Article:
Over the past week, an impressive array of business, faith, labor, civil rights, city council, and grassroots voices have spoken out passionately and persuasively on the need to raise Maryland’s clean electricity standard in the 2015 General Assembly.
The bill, the Clean Energy Advancement Act (HB 377/SB 373), was amended in recent House and Senate hearings to set a requirement of 25% clean electricity by 2020, a compromise from the bill’s original target of 40% clean power by 2025. The state’s Climate Action Plan calls for raising our Renewable Portfolio Standard to 25% by 2020 as the single biggest step Maryland can take to reduce emissions of climate-disrupting pollution.
As Delegate Frick, lead House sponsor of the legislation, emphasized ahead of his committee hearing last Friday, this bill is “smart economic policy, smart environmental policy, and smart politics.”
Here’s a round up of the growing momentum behind the Clean Energy Advancement Act, following hearings in the House Economic Matters and Senate Finance committees:

  • Business leaders say clean energy puts people to work: Last Friday, business leaders and workers in Maryland’s growing solar and clean technology industries held a press conference and testified before the House committee in support of the bill. Testimony emphasized that Maryland’s existing “Renewable Portfolio Standard” law is the main driver of clean energy job growth in Maryland now, and must be raised to expand on this prosperity. See the press release here.
  • Activists rally for clean energy despite bitter cold: On Monday, over 120 grassroots activists braved near-single digit temperatures to rally on Lawyers’ Mall in support of the bill, capping off a lobby night. You can see photos here. Chants of “clean energy now” echoed into the State House as legislators convened for their evening session.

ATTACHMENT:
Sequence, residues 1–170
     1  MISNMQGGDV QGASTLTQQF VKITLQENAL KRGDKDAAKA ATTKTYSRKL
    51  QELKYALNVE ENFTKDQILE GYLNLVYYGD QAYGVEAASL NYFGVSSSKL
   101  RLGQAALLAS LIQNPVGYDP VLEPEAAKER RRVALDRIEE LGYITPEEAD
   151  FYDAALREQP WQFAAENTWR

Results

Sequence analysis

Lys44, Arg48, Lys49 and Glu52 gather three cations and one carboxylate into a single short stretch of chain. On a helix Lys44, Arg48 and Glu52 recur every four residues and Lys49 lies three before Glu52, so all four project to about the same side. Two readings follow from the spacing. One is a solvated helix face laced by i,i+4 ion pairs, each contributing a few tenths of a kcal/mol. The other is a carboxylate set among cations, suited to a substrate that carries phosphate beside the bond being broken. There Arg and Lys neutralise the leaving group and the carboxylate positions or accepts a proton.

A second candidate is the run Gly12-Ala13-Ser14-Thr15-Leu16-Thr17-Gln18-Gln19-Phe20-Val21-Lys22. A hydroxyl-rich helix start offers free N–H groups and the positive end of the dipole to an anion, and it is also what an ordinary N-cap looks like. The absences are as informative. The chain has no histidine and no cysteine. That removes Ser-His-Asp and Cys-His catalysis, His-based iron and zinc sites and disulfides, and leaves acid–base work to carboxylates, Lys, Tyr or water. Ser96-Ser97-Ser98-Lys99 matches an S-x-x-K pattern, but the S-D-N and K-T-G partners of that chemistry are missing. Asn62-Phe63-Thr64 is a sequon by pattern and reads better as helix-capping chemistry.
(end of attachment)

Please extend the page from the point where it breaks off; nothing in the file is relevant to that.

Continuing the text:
• 230+ Maryland faith leaders—including 7 bishops and senior ecumenical leaders—call on the General Assembly to act: In an unprecedented show of religious leadership on a state environmental issue, seven Maryland bishops and senior ecumenical leaders joined over 230 faith leaders in delivering a letter to lawmakers on Tuesday, making a moral case for shifting the state to cleaner energy. Bishop Wolfgang Herz-Lane also personally testified at the Senate hearing. See the letter here.
  • NAACP report calls for expanding Maryland’s Renewable Portfolio Standard: In releasing the Maryland 2015 Just Energy Policies report, the NAACP called for expanding Maryland’s clean electricity standard, ideally to 40% by 2025. As the report underscores, poor communities and communities of color pay the highest price for our current reliance on fossil fuels.
  • Baltimore City Council and Mayor endorse the Clean Energy Advancement Act: Noting that, “Maryland has the worst air quality on the east coast, and Baltimore has the highest emissions related mortality rate in the state,” the Baltimore City Council unanimously passed a resolution Monday night calling on the General Assembly to pass, and the Governor to sign, the Clean Energy Advancement Act. Baltimore City Mayor Stephanie Rawlings-Blake also wrote testimony in support of the legislation.
  • Capital Gazette op-ed: “Acting on climate empowers us to grow and protect our economy.” This Capital Gazette op-ed from Feb. 24 outlines how Maryland will incentivize significant new growth in good-paying, skilled, and diverse construction, installation, and manufacturing jobs by setting a region-leading clean energy standard.
  • Experts testify to modest ratepayer impact: As wind and solar prices continue to plummet, a study conducted by the independent firm Sustainable Energy Advantage predicts that the impact of increasing Maryland’s RPS to 25% by 2020 will likely be $0.52 per month per residential ratepayer (in 2014 dollars) in 2020. The impact of increasing the RPS to 40% would likely be $1.94/month for residential ratepayers in 2025. See the full study here (and find the 25% estimate on p. 10, figure 6).

In summary, the Clean Energy Advancement Act is gaining such broad support because it would bring so many far-reaching benefits to Maryland. Raising our Renewable Portfolio Standard is the top way that Maryland can reduce emissions of planet-heating pollution. It would make Maryland a regional leader in creating new jobs and economic investment in rapidly growing 21st-century industries. It would save lives and save billions in healthcare costs by cleaning up our air and water.
Click here for more information and resources on the legislation and its benefits.

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